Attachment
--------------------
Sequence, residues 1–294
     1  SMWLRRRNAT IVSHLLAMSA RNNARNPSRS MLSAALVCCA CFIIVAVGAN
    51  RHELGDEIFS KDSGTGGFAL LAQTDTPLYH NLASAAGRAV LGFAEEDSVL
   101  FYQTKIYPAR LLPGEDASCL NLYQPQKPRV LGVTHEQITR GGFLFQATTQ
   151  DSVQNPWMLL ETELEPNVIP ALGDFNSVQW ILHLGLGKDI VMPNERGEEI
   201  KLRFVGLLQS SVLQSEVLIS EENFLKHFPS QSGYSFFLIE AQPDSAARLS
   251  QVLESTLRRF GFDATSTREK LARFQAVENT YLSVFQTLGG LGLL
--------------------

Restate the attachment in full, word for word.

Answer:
Sequence, residues 1–294
     1  SMWLRRRNAT IVSHLLAMSA RNNARNPSRS MLSAALVCCA CFIIVAVGAN
    51  RHELGDEIFS KDSGTGGFAL LAQTDTPLYH NLASAAGRAV LGFAEEDSVL
   101  FYQTKIYPAR LLPGEDASCL NLYQPQKPRV LGVTHEQITR GGFLFQATTQ
   151  DSVQNPWMLL ETELEPNVIP ALGDFNSVQW ILHLGLGKDI VMPNERGEEI
   201  KLRFVGLLQS SVLQSEVLIS EENFLKHFPS QSGYSFFLIE AQPDSAARLS
   251  QVLESTLRRF GFDATSTREK LARFQAVENT YLSVFQTLGG LGLL